One of the most important aspects of grassroots football is safeguarding, particularly ensuring that all children and youth people under the age of 18 years can be involved and feel safe.
Let's make football safe, not sorry! Most children and young people have a fantastic experience through football, but sadly, some don't.
This might be down to over-competitive parents and coaches shouting and constantly criticising them from the sidelines, the kind of behaviour that the Respect programme is designed to address, or it might be due to some other kind of abusive behaviour towards them.
The Oxford Mail Youth Football League acknowleges its responsibility to safeguard the welfare of every child and young person entrusted to its care and is committed to working with all relevant stakeholders to provide a safe enviroment for all its members. A child or young person is anyone under the age of 18 years engaged in any youth football league activity as a player, as an assistant coach or match official (note that anyone under the age of 18 years cannot manage a team under FA rules). We subscribe to the F's Safeguarding Children - Policy and procedures and endorse and adopt the Policy Staement contained in that document.
Safeguarding Children is everyone's responsibility and having welfare officers in all clubs and leagues with youth teams is crucial to The FA's simple three part approach to safeguarding. This includes:
Right People: Getting the right people involved by seeking references and CRC (Criminal Records Checks) disclosures.
Right Behaviour: Create a safe environment, using code of conducts, education and following best practice.
Right Actions: Promoting clear systems to deal with any concerns.
Remember: It is NOT our responsibility to decide if abuse has taken place BUT if we have concerns it IS our responsibility to act and report those concerns.
Criminal Records Check (CRC)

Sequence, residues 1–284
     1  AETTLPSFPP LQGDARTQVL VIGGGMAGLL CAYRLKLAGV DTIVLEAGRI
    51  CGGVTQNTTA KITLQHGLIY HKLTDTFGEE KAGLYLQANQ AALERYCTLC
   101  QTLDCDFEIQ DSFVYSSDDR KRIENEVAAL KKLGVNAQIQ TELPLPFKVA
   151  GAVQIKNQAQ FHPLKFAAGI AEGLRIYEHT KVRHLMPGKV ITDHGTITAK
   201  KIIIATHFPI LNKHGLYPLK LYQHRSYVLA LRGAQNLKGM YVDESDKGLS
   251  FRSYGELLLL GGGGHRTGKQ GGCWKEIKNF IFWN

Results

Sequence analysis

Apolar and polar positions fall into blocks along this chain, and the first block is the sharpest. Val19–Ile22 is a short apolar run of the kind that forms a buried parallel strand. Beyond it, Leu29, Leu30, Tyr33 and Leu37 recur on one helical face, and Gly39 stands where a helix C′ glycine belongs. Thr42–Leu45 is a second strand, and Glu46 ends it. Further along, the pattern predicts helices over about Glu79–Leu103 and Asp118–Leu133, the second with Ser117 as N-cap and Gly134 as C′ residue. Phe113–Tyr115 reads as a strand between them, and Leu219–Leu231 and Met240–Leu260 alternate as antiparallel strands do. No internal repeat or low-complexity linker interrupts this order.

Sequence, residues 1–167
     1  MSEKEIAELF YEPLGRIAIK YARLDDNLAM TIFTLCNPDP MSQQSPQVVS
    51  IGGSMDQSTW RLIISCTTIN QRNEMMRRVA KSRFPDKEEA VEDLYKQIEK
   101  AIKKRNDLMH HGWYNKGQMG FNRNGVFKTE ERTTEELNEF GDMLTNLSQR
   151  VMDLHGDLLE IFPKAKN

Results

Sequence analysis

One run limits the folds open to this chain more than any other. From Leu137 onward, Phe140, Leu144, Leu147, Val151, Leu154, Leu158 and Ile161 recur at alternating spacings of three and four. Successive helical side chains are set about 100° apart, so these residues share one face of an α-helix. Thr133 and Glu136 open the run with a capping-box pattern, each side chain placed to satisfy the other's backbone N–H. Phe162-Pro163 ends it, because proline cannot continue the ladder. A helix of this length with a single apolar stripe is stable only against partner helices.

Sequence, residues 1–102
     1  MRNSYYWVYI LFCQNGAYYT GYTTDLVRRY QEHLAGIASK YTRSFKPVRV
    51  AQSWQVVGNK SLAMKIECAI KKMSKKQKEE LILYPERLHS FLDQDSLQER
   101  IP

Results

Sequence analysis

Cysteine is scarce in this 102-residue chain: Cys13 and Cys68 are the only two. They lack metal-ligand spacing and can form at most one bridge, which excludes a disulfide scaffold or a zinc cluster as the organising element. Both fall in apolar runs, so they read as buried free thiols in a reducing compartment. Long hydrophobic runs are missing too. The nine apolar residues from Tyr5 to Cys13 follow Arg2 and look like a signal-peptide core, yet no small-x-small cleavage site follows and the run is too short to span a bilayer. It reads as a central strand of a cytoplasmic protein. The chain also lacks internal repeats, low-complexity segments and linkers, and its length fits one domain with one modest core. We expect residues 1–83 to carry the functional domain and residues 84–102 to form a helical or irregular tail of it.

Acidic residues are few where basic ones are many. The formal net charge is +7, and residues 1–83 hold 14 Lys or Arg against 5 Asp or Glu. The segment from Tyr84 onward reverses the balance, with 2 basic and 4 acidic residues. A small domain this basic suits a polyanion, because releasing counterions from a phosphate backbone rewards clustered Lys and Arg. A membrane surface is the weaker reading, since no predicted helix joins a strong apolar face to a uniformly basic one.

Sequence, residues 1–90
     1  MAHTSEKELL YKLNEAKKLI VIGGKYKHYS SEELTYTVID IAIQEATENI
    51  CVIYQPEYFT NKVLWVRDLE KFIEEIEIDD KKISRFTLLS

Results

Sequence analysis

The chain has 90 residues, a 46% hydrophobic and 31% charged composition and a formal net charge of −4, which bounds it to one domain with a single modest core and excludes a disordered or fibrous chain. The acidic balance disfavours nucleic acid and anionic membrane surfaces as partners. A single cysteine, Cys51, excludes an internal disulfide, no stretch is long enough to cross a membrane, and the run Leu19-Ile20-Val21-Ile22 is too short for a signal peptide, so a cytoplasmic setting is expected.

Who needs to have a CRC?
Anyone who is regularly working or volunteering directly with children and young people in football needs to have an enhanced CRC. Regular is defined as once a month or more, more than twice in 30 days or overnight. Activities include: teaching, training, instructing, supervising, giving advice or guidance, treating or caring for children or driving for the club.
Remember, a CRC is required for each role that an individual has working or volunteering with children and vulnerable adults. This means even if an individual has completed a CRC through work an additional check is required for football.
How do I check if someone has a CRC or not?
Club Welfare Officers can now use the Safeguarding Report on Whole Game System to check and manage the CRC and Safeguarding Children Workshop status of volunteers of their club.
FA grassroots safeguarding policies and procedures 2018 (PDF format)
FA Photography and Film Guidelines (PDF format)
OMYFL Safeguarding Policy (PDF format)
OMYFL Equality Policy (PDF format)
FA best practice - running a website (PDF format)
FA best practice - social networking sites (PDF format)
FA best practice - changing rooms (PDF format)
Club template resources:
Club Safeguarding children policy template (PDF format)
Club Anti-Bullying Policy template (PDF format)
Building a Supporting Network
CWO - Every youth club must have a Club Welfare Officer with a valid CRC.
YLWO - Every youth league must have a League Welfare Officer - ours is Kenny Moore (firstname.lastname@example.org, 07715 606505)
CFAWO - Each County FA have a County Welfare Officer.
Nigel Saverton, Designated Safeguarding Officer (DSO), 07852 722540, Safeguarding@OxfordshireFA.com
Ian Mason, Senior Safeguarding Lead (SSL), 01993 778586, Safeguarding@OxfordshireFA.com
Berks & Bucks FA
Beryl Richardson, Safeguarding Manager, Safeguarding@Berks-BucksFA.com
Spencer Stone, Compliance Administrator, Safeguarding@Berks-BucksFA.com
Case Management - The FA have a Safeguarding team.
RDO - Referee Development Officer will work closely with CFAWO.
Useful non-FA contacts
NSPCC 0808 800 5000 alternatively you can text 88858. The NSPCC Helpline is a free, 24-hour service which provides advice to anyone worried about a child.
Childline 0800 1111 https://www.childline.org.uk/Childline is a free, private and confidential service where you can be you. Whatever your worry, whenever you need help, however you want to get in touch. We're here for you online, on the phone, anytime.
CEOP The Child Exploitation and Online Protection agency (CEOP) works with child protection partners across the UK and overseas to identify the main threats to children and coordinates activity against these threats to bring offenders to account. CEOP protect children from harm online and offline, directly through NCA led operations and in partnership with local and international agencies. Child protection is at the heart of everything they do and their approach is holistic. Law enforcement officers in CEOP and across the NCA work side by side with professionals from the wider child protection community and industry.